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μεῖζον καὶ τὸ ἔλαττον ἀλλὰ καὶ ξύμπαντα τὰ τοιαῦτα; οὐ γὰρ περὶ τοῦ ἴσου νῦν ὁ λόγος ἡμῖν μᾶλ λόν τι ἢ καὶ περὶ αὐτοῦ τοῦ καλοῦ καὶ αὐτοῦ τοῦ ἀγαθοῦ καὶ δικαίου καὶ ὁσίου, καὶ ὅ περ λέγω, περὶ ἁπάντων οἷς ἐπισφραγιζόμεθα τοῦτο, ὃ ἔστ τι, καὶ ἐν ταῖς ἐρωτήσεσιν ἐρωτῶντες καὶ ἐν ταῖς ἀποκρίσεσιν ἀποκρινόμενοι. ὥστε ἀναγκαῖον ἡμῖν εἶναι τούτων ἁπάντων τὰς ἐπιστήμας πρὸ τοῦ γενέσ θαι εἰληφέναι. Ἔστι ταῦτα. Καὶ εἰ μέν γε λαβόντες μὴ ἑκάστοτε ἐπιλελήσμεθα, εἰδότας ἀεὶ γίγνεσθαι

γεν ]

Tum ante ortum nostrum, tum statim ut nati eramus. STALL.

Περὶ αὐτοῦ τοῦ καλοῦ.] Beauty, Plato considered to be the sensible representation of moral and physical perfection; consequently it is one with truth and goodness, and inspires love (ἔρως) which leads to virtue. (Platonic love.) De Legg. p. 62. sqq. p. 89. sqq. Phædr. p. 301. Euthyphr. p. 20.

“Ο περ λέγω.] See Apol. Socr. c. 5.

sub. fin.

Οἷς ἐπισφραγιζόμεθα τοῦτο, ὃ ἔστι.] h. e. Quibus τῆς οὐσίας signum impri mimus, qua nomine essentia insignimus. STALL. Upon which we set the seal of substance, οὐσία, or real existence, τὸ όν, as opposed to the φαινόμενον οι apparent truth. The source of knowledge, Plato pronounces to be not the evidence of our senses, which are occupied with contingent matter, nor yet the understanding, but reason, whose object is that which is invariable and absolute (τὸ ὄντως ὂν.) He held the doctrine of the existence, in the soul, of certain innate ideas, νοήματα), which form the basis of our conceptions, and the elements of our practical resolutions. To these ideat, as he termed them, (the eternal παραδείγματα, types or models of all things, and the ἀρχαί, or principles of our knowledge,) we refer the infinite variety of individual objects presented to us (τὸ ἄπειρον, and τὰ πολλά). Hence it follows that all these details of knowledge are not the result of experience, but only developed by it. The soul recollects the ideas in proportion as it becomes acquainted with their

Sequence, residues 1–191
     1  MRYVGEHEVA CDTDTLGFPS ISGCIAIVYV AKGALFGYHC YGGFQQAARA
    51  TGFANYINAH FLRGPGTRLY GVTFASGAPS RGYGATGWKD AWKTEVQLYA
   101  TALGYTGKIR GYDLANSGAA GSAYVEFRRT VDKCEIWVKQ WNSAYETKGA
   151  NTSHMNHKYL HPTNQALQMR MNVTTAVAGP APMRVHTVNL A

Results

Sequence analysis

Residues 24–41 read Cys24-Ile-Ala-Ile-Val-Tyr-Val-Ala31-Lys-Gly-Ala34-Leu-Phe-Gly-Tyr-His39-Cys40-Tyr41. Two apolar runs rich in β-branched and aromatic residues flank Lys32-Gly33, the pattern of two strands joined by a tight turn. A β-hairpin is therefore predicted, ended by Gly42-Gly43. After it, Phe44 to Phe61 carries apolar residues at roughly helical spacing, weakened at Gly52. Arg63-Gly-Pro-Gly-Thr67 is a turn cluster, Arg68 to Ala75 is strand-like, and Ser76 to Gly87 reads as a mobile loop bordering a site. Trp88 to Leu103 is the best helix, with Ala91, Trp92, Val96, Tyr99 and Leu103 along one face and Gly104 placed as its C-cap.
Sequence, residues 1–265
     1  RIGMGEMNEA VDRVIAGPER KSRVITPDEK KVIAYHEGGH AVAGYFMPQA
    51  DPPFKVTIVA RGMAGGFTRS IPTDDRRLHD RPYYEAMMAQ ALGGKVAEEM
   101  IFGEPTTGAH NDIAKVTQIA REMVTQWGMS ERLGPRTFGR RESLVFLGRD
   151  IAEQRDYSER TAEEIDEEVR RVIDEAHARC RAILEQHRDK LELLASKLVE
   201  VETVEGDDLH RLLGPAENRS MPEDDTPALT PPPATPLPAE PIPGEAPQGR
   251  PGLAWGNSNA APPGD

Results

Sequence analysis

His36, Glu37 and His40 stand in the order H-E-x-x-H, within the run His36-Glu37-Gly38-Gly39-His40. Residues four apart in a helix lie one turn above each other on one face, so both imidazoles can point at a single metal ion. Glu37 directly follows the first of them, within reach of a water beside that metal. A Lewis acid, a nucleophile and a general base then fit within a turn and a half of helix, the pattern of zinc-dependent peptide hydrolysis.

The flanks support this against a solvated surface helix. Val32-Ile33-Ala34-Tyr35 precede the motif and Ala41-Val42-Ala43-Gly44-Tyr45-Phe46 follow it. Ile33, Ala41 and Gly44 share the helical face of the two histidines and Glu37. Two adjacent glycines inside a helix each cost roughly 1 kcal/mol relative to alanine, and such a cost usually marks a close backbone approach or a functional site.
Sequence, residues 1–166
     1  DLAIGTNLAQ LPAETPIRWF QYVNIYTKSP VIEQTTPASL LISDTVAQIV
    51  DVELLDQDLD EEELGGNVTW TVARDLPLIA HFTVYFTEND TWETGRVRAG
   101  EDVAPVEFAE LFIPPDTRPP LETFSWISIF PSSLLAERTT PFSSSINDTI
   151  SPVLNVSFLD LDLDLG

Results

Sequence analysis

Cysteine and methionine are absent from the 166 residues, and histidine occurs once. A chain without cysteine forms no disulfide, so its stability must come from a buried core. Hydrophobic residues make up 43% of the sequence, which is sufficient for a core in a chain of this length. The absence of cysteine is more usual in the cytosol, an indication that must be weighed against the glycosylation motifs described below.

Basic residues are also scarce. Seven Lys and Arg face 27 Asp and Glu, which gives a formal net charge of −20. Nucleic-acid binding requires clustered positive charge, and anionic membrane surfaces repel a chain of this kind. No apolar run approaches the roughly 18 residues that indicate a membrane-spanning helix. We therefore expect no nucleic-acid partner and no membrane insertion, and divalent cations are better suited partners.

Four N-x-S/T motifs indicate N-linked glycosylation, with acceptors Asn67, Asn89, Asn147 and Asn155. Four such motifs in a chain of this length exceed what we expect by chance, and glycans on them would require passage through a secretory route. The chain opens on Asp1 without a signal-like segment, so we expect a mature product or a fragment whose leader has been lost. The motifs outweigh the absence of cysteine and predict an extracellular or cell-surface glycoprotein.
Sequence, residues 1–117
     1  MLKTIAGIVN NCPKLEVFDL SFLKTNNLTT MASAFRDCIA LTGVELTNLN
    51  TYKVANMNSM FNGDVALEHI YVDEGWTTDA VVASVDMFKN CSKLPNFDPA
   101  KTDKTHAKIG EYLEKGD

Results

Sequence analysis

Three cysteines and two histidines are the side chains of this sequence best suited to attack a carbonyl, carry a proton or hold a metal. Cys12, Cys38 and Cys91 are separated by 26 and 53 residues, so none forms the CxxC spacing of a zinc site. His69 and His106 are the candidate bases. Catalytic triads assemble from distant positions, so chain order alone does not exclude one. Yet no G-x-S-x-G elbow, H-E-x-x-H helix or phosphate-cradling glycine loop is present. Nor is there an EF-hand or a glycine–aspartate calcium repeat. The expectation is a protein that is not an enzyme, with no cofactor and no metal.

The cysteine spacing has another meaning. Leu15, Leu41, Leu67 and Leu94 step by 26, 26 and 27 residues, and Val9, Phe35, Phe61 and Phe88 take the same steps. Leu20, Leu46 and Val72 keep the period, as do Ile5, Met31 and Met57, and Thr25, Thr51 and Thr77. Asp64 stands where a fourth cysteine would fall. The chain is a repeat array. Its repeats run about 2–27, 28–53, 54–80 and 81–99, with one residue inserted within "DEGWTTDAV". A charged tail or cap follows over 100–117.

copies (ὁμοιώματα), with which the world is filled; the process being that of recalling to mind the circumstances of a state of pre-existence. Inasmuch, as the objects thus presented to the mind correspond in part with its ideas, they must have some principle in common that principle is the Divinity, who has formed these external objects after the model of the ideas. Tennemann's Man. of Phil. s. 132.

Ερωτῶντες καὶ ἀποκρινόμενοι.] So intr. c. 25. a med. ἡ ουσία, ἧς λόγον δίδομεν τοῦ εἶναι καὶ ἐρωτῶντες καὶ ἀποκρινόμενοι, i. e, διαλεγόμενοι, discussing or arguing in the form of question and answer. Cf. Theat. p. 146. C. ἐμὲ καὶ σὲ δεῖ ἐρωτῶντας τε καὶ ἀποκρινομένους ἀλλήλοις σπουδάσαι αὐτ τοῦ περὶ τὸν λόγον.

Καὶ εἰ μὲν λαβόντες — εἰδέναι.] Socrates had already arrived at the conclusion, that those ideas which constituted knowledge had been received by the mind before birth. He now unfolds the subject more fully and expressly, and argues, that if this knowledge, having been once received, was not in every instance lost at the time of birth, we should be born with it, and possess it through life, for to know anything is to retain the knowledge of it when once acquired, as oblivion or forgetfulness is to lose it afterwards. If, then, we were possessed of this knowledge before being born, and are unconscious of it at the period of our birth, and that it is subsequently so called into operation as to convey a satisfactory proof of its preexistence in the mind, it should be